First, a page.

The Theory of Everything
I'll tell you what I like about The Theory of Everything: it isn't just some biopic lavishing praise on groundbreaking scientist Stephen Hawking, who devotes his life to studying time; it's a study of what happens to a relationship over time.
What struck me as I watched was that the story was as much about Jane Hawking (Felicity Jones), Stephen's first wife, as it was about Stephen (Eddie Redmayne). There isn't much about the science, other than Stephen's passion (obsession?) for it. We come to his discoveries, both about the universe and about his medical condition, swiftly, and focus on the couple's life together, challenges and all.
That should be expected, seeing as Anthony McCarten's screenplay is adapted from Jane's book about her time with the professor. And I like this point of view. I think we don't see portraits of complex relationships often enough. Here is a film, directed by James Marsh, that portrays life's full complement of emotions. There are inspiring moments, like toward the end when Stephen notes that "there's no boundary to human endeavor," but also challenging ones, like when Jane confronts Stephen about what's happening in their relationship. (Also of note, and complicating things, is the presence of Jonathan (a sensitive Charlie Cox), whose relationship with the Hawkings is significant.)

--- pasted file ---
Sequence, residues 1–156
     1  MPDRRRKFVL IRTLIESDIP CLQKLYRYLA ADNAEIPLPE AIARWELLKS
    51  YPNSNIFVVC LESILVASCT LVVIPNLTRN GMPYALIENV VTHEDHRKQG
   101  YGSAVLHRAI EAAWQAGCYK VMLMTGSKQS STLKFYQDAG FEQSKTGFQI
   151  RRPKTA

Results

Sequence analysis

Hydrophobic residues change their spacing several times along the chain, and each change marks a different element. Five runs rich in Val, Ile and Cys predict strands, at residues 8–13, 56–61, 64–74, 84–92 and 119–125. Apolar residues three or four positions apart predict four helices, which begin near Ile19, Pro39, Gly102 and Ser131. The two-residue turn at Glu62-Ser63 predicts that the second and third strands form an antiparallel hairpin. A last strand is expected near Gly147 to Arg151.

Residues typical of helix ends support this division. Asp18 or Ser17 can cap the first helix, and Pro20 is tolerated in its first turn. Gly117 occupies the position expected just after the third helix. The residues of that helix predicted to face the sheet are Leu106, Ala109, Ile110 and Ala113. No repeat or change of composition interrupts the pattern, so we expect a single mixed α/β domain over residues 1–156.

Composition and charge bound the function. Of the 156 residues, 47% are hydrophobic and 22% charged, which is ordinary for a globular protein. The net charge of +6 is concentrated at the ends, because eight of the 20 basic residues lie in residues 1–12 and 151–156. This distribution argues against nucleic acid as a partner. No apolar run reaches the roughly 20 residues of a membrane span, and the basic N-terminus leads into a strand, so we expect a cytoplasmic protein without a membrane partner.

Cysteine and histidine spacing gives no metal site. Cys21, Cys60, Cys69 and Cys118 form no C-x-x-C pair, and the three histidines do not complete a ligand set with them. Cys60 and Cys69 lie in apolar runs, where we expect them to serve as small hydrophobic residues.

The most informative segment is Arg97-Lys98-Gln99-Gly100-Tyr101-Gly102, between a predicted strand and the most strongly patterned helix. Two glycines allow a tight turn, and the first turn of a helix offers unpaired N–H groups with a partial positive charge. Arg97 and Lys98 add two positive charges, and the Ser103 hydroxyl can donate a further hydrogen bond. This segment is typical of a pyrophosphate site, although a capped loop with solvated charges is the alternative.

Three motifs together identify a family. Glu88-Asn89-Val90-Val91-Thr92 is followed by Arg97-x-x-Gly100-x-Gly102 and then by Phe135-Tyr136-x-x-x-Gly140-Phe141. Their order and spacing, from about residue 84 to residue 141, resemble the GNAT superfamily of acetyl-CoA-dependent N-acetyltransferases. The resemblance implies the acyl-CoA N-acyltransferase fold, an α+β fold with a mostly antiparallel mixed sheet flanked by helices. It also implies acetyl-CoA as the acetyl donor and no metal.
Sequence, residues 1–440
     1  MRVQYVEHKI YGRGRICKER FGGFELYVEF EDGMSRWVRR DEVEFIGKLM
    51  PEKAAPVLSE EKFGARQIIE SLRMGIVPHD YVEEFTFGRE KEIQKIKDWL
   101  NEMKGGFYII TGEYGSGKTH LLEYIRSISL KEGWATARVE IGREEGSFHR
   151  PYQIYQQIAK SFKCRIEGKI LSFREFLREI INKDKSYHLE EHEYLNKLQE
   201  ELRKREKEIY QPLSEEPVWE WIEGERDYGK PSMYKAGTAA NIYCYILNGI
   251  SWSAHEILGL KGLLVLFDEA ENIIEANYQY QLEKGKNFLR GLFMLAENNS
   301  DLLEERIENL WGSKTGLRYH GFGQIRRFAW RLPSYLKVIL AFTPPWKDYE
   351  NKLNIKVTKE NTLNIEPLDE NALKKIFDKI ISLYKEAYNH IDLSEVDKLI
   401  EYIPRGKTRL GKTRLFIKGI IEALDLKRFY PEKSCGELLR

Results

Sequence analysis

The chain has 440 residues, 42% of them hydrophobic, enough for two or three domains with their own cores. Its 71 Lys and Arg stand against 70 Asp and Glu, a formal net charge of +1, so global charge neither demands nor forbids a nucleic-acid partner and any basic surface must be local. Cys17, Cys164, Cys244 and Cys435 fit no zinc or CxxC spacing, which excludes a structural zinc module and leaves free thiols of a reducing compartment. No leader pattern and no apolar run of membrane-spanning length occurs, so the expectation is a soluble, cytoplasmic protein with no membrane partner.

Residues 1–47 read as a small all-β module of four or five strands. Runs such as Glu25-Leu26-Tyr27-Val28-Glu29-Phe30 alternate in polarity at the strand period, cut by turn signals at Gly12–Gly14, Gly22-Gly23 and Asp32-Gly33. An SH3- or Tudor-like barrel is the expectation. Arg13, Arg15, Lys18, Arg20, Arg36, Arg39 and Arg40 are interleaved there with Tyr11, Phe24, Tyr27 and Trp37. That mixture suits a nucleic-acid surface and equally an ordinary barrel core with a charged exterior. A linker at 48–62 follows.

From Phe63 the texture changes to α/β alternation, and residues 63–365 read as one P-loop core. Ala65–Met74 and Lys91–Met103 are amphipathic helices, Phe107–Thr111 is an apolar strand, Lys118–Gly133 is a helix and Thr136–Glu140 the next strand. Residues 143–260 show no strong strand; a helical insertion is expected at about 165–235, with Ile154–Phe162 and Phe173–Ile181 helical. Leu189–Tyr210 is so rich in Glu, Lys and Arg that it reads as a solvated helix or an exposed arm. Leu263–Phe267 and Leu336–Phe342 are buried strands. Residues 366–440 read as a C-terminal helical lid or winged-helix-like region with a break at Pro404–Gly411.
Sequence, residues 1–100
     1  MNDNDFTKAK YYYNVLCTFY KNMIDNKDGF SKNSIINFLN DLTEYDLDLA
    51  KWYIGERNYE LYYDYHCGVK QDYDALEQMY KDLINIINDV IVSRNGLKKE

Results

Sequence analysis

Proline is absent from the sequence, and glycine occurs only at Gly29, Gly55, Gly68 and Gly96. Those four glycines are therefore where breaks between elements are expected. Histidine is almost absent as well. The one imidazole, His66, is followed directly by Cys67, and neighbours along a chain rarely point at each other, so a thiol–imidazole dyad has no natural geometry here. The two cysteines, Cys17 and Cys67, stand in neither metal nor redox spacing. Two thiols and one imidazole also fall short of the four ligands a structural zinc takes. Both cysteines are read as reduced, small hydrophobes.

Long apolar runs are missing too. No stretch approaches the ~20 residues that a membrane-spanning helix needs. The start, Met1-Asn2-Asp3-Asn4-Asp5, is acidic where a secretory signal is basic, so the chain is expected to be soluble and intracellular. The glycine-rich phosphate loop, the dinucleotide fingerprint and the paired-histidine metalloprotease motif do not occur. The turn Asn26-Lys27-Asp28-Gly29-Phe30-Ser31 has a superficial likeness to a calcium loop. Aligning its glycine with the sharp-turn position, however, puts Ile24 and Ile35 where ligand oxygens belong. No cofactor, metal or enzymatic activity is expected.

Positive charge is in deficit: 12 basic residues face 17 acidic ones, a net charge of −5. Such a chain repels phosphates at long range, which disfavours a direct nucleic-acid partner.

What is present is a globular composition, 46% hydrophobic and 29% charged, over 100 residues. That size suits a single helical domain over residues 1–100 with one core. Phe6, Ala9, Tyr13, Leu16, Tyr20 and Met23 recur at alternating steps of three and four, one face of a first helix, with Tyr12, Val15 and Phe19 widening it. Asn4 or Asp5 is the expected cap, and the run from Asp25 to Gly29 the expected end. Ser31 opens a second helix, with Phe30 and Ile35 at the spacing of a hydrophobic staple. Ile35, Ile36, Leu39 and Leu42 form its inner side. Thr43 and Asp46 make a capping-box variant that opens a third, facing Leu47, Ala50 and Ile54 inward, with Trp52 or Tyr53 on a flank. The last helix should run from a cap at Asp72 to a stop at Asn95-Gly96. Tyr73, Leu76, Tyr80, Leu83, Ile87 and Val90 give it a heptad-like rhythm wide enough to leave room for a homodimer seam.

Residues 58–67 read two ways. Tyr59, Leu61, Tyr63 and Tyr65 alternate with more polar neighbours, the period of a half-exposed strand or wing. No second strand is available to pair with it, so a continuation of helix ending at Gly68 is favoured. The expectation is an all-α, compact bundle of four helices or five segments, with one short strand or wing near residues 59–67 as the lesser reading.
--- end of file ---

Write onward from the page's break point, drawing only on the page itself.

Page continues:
Jones is terrific as Jane, a woman who is truly in love and trying to cope with life. Jones brings a nice sincerity to the role, as well as a sense of reserved strength. Tony winner Redmayne (Red, Les Miserables) is fully committed, completely transforming his movements and speech pattern to match Stephen's. And even though Stephen can't speak for a sizable portion of the film, that doesn't mean, in Redmayne's care, he isn't saying anything.
One more thing I like: Some of the most intense scenes are made more intense by a lack of underscoring. Oftentimes music swells to heighten the emotion, to fill in what screenwriters or directors or actors are leaving out. Not so here. Music is used sparingly (but purposefully) so the focus is fully on what's happening. And what's happening is a quest for an explanation of time—our time here on Earth, our time with loved ones and the time it takes for something to begin.